Veteran music business attorney Branca, co-executor of the Michael Jackson Estate with John McClain, has helped boost its value to reportedly more than a billion dollars, thanks to the sale of the late pop star’s publishing holdings to Sony/ATV for $750 million in March 2016.
A partner at the L.A. law firm of Ziffren Brittenham, the 66-year-old Mount Vernon, New York, native — who played keyboards in a band that opened for The Doors in the ‘60s on the Sunset Strip — earned his law degree at UCLA in 1975 and began working for legendary entertainment attorney David Braun, whose clients included Bob Dylan, Neil Diamond and George Harrison. Branca went on to represent the Beach Boys, through which an accountant introduced him to Michael Jackson.
As Jackson’s attorney, Branca proceeded to renegotiate the singer’s royalty rate with Epic Records, catapulting the King of Pop into the stratosphere after the release of “Thriller” and its subsequent video. Branca helped raise $1 million to produce the mini-film via deals with Showtime, MTV a sell-off of home video rights.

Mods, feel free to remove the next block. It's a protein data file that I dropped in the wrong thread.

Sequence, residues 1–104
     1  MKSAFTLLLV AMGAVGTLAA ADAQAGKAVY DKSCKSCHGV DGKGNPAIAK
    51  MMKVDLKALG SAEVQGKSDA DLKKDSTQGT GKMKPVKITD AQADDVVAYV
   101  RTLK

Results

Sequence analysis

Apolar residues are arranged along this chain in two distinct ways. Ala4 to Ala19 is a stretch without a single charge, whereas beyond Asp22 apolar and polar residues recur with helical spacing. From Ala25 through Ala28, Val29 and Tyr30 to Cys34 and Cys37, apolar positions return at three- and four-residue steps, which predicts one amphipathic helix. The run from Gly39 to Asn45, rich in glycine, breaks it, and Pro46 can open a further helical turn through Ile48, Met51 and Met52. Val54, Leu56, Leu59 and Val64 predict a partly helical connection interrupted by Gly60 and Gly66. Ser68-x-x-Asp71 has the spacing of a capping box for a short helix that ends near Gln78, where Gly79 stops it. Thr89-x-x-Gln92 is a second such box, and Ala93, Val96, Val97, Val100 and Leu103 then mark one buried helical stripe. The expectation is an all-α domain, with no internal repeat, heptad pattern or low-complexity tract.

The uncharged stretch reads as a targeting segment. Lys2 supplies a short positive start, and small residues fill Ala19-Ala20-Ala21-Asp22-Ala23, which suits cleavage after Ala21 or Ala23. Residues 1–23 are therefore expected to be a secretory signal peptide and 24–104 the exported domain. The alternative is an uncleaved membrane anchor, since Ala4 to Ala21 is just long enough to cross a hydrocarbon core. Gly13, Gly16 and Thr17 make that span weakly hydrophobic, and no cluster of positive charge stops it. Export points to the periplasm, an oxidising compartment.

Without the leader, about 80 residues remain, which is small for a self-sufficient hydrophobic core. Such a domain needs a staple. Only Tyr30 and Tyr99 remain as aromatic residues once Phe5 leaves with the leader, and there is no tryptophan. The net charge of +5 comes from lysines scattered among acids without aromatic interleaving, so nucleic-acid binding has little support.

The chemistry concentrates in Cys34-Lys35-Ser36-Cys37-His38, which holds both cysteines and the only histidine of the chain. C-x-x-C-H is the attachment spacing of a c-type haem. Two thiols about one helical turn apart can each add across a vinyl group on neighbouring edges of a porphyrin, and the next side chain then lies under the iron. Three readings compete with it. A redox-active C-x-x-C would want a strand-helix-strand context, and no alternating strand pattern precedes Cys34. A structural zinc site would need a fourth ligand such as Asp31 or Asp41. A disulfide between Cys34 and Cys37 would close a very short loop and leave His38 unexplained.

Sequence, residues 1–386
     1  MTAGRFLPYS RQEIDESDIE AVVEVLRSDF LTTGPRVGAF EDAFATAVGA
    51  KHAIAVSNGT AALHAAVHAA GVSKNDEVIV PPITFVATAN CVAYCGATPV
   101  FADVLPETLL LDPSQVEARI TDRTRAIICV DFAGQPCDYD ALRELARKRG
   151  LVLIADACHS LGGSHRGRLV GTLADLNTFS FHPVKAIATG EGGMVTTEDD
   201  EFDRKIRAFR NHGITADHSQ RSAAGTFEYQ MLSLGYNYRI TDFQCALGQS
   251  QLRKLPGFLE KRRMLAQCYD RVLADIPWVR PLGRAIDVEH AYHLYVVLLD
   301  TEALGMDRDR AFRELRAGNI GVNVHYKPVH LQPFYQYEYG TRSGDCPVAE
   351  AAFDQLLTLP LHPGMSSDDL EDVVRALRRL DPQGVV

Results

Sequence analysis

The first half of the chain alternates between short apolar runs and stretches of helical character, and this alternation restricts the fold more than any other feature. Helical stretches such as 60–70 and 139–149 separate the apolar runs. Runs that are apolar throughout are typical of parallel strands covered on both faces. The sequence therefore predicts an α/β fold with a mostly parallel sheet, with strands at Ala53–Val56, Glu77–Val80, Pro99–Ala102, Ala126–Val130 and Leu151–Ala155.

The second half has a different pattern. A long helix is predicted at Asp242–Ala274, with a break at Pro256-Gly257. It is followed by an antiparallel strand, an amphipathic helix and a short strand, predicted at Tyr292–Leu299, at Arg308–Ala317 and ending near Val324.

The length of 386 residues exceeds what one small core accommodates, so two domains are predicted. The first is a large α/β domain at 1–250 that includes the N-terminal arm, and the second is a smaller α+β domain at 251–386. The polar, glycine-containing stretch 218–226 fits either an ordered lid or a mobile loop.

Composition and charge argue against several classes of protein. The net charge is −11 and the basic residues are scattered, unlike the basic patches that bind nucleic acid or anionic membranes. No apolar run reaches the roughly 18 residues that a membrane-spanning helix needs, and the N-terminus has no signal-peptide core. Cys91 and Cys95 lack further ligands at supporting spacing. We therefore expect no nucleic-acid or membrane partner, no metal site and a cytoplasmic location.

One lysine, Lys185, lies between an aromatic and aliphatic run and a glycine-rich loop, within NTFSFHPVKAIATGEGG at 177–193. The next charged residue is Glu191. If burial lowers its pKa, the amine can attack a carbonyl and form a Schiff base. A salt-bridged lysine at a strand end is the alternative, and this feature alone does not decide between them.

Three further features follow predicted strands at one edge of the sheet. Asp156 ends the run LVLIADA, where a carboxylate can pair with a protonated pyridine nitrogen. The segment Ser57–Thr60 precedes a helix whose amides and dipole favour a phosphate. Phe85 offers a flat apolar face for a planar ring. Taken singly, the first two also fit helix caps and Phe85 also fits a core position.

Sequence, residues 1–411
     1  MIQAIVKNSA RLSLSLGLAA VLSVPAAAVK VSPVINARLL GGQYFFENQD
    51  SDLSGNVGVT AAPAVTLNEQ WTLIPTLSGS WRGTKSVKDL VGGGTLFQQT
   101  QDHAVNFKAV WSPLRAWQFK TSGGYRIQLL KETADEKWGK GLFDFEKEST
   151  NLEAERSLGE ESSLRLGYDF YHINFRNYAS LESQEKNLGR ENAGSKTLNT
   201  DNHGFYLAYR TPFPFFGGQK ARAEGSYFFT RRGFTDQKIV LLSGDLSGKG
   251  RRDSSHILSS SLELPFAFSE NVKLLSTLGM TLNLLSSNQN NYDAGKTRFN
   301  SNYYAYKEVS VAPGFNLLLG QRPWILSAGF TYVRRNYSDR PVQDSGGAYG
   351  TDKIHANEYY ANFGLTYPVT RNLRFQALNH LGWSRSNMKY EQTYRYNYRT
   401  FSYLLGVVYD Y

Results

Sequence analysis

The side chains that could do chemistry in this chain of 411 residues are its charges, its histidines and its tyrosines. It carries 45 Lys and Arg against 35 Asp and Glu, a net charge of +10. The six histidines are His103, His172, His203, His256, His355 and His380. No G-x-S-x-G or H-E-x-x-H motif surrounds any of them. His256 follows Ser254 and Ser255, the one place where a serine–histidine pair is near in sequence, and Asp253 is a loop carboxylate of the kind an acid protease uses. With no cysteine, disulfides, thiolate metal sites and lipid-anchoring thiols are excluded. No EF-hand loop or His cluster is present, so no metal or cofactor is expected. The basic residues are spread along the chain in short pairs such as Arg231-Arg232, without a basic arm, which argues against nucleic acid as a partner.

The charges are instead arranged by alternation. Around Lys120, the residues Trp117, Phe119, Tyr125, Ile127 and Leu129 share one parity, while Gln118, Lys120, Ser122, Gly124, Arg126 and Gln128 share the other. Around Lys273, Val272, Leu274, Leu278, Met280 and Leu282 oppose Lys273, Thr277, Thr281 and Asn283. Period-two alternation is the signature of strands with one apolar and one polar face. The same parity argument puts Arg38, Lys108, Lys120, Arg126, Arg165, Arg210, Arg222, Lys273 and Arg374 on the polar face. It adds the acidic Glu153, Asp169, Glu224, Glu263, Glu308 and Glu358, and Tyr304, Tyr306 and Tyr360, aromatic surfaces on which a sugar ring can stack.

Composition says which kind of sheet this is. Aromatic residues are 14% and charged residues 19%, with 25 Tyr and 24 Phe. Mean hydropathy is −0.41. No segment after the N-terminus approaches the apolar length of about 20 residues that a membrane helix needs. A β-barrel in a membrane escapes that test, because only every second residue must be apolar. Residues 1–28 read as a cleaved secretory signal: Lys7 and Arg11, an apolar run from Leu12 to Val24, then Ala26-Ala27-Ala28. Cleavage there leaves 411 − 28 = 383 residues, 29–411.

In 1984, Branca negotiated for Jackson to acquire ATV Music Publishing, a catalog which included 200 Beatles songs and helped keep Michael afloat when he later ran into financial trouble. In 1995, the lawyer arranged for Jackson’s ATV to merge with Sony’s music publishing in exchange for $115 million and a yearly payoff starting at $10 million. That same year, Jackson named Branca and McClain as executors in his will, which was subsequently revised to include his children.
Although fired and rehired several times, Branca has a letter from Jackson proving he was put back on the payroll just eight days before his death – despite the family’s protests. He then went to work monetizing the estate with McClain, orchestrating a $60 million deal with Sony for the posthumous “This Is It” movie and 10 unreleased albums, refinancing his debt and lowering the rate on a $300 million loan, saving a princely sum. Today, Branca continues to defend the Jackson estate’s interests in legal battles that have arisen since Michael Jackson’s 2009 death, including a recent claim by producer Quincy Jones that he was underpaid royalties on several of Jackson’s seminal albums.